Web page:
A century and a half before the birth of Amazon, Henry Wells and William G. Fargo were traversing the country, and selling their merchandise to gobs of Gold Rush hopefuls in California. Business was so profitable that on March 18, 1852, they–and a coterie of investors–convened in New York City to inaugurate Wells, Fargo & Company.
The organization “also served as a bank—buying gold dust, selling paper bank drafts and providing loans to help fuel California’s growing economy,” according to History.com.
Since then, it has morphed into a worldwide financial titan.
For more information, The Grateful American Book Prize recommends Ralph Moody’s Wells Fargo.
On March 23, 1775, Patrick Henry dropped some heated words on the Second Virginia Convention:
“I know not what course others may take, but as for me, give me liberty or give me death!”
Throughout the years, a fury had festered in the territories; King George III imposed onerous taxes and formal military rule; British officials were exempted from criminal prosecution, and the Quartering Act permitted England to house its troops in American barracks, homes, inns, alehouses and barns.
According to History.com, “With the other colonies watching intently, Massachusetts led the resistance to the British, forming a shadow revolutionary government…establishing militias to resist the increasing British military presence across the colony. In April 1775, Thomas Gage…British governor of Massachusetts, ordered [his] troops to march to Concord, Massachusetts, where a Patriot arsenal was known to be located. On April 19, 1775, the British…encountered…American militiamen at Lexington, and the first volleys of the American Revolutionary War were fired.”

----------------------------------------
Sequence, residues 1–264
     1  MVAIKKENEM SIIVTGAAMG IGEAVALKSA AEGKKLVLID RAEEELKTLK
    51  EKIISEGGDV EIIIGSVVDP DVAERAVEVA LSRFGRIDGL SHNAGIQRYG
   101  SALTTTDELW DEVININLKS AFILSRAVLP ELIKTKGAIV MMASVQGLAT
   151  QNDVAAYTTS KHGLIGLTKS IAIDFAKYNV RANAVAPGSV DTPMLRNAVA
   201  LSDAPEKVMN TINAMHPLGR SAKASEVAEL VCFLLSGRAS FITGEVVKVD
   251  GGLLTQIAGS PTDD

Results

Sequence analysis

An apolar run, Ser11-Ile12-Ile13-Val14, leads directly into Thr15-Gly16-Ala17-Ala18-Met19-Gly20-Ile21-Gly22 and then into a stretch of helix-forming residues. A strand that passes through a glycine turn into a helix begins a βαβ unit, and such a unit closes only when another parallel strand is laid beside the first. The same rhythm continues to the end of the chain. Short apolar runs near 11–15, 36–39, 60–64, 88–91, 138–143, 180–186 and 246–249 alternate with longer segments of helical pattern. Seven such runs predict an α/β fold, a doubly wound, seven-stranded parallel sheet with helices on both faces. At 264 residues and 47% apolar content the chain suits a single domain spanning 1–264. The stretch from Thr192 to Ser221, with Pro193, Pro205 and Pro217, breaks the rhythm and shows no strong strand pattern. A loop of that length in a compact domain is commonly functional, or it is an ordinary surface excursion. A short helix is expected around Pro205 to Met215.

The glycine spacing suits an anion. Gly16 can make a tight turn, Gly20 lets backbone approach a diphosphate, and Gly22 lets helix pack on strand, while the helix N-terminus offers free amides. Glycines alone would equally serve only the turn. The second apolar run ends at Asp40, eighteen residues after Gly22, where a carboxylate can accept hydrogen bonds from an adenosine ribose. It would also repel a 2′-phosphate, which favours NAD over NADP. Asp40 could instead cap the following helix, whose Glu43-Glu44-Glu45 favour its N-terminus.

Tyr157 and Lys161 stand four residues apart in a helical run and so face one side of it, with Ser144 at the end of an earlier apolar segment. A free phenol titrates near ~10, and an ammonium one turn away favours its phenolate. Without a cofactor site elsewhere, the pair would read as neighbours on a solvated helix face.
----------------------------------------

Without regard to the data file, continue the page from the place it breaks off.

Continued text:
A little more than a year later—on July 4, 1776–America proclaimed its independence.
The Grateful American Book Prize recommends Lion of Liberty: Patrick Henry and the Call to a New Nation by Harlow Giles Unger.
The first British colony in America was Jamestown, Virginia–founded in 1607. Eventually, 12 more new lands would come; Maryland, for example, was fashioned on March 25, 1634 from a Potomac River island charter granted to George Calvert, the first Lord Baltimore.
According to History.com “religious conflict was strong in the ensuing years as the American Puritans, growing more numerous in Maryland and supported by Puritans in England, set out to revoke the religious freedoms guaranteed in the founding of the colony. In 1649, Maryland Governor William Stone responded by passing an act ensuring religious liberty and justice to all. In 1654, however, the so-called Toleration Act was repealed after Puritans seized control of the colony, leading to a brief civil war that ended with Lord Baltimore losing control of propriety rights over Maryland in March 1655.”
The Grateful American Book Prize recommends the History of the Colony of Maryland by Liz Sonneborn.
History Matters is a biweekly feature courtesy of The Grateful American Book Prize.